Global stocks were set to rise on Friday morning, with the first quarter ticking down and the euro zone agreeing to boost its bailout fund by about 300-billion euros. Meanwhile, Research In Motion Ltd. was down only slightly in premarket trading, after reporting shocking quarterly results on Thursday evening.
U.S. index futures were up with about 90 minutes before markets open, suggesting that stocks will rise at the start of trading. Futures for the Dow Jones industrial average were up 56 points or 0.4 per cent. Futures for the broader S&P 500 were up 7 points or 0.5 per cent. Both indexes were whipsawed in trading on Thursday, sustaining deep selloffs soon after the start of trading, only for the Dow to rebound into positive territory by the end of the day.
Stocks were mostly up overseas as well. In Europe, the U.K.'s FTSE 100 was up 0.7 per cent and Germany's DAX index was up 1.1 per cent in afternoon trading. There, euro zone finance ministers agreed to boost the size of the region's bailout fund to 800-billion euros -- which is a little shy of some recommendations calling for a firewall of 1-trillion euros, but nonetheless a move seen as being in the right direction. In Asia, Japan's Nikkei 225 fell 0.3 per cent in overnight trading.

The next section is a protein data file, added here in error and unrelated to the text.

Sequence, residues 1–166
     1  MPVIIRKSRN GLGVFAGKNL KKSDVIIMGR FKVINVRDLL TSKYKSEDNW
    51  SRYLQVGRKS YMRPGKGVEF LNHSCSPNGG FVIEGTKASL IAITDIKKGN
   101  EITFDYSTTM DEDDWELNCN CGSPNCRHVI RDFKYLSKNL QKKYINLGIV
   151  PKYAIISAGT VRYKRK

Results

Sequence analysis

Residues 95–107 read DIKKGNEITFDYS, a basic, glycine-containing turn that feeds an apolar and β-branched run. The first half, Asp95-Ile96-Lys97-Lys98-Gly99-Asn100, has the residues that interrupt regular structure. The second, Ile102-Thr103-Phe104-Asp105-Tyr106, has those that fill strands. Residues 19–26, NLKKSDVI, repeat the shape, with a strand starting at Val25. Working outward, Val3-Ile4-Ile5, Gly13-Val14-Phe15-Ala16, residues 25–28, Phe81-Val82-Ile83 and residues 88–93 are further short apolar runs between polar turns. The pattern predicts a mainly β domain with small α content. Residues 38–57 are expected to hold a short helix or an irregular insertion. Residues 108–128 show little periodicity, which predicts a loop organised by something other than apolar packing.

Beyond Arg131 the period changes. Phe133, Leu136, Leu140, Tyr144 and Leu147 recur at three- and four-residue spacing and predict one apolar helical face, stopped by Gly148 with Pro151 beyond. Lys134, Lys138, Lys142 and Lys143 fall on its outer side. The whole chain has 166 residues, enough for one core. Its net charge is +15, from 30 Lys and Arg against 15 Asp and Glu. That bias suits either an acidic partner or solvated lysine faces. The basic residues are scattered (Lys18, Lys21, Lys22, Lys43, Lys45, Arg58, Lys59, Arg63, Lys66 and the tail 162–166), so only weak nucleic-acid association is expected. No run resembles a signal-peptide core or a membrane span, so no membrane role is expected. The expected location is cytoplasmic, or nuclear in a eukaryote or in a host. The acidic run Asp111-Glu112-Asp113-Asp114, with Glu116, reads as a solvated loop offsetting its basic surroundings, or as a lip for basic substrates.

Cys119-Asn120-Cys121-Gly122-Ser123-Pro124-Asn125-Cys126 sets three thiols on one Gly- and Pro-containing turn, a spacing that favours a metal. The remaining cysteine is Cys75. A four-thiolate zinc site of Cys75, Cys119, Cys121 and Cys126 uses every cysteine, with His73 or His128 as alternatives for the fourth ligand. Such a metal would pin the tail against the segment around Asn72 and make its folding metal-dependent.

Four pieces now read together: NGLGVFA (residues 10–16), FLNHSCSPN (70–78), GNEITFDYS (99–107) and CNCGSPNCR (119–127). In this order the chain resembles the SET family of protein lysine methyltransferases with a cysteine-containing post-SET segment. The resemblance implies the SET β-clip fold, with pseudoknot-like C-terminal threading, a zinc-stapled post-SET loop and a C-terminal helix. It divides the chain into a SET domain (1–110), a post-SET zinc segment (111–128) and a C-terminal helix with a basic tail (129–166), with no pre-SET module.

RIM is going to be a much-watched stock after the BlackBerry maker reported its fourth-quarter results after markets closed on Thursday. So far, investors seem willing to balance dismal results -- it reported its first quarterly loss since 2005 and missed both earnings and sales forecasts -- against comments from the company's new chief executive that all options were on the table, which suggests that an outright sale of RIM is one such option. The shares were down 2 per cent in premarket activity.
Commodities moved higher: Crude oil rose to $103.32 (U.S.) a barrel, up 0.5 per cent. Gold rose to $1,664 an ounce, up 0.7 per cent.
In terms of U.S. economic reports, a report on personal income and spending will be released at 8:30 a.m. (ET). Soon after markets open, the University of Michigan will release its consumer sentiment index for March. As well, economists will be looking for the Chicago purchasing managers' index to get a gauge on the area's manufacturing activity.Report Typo/Error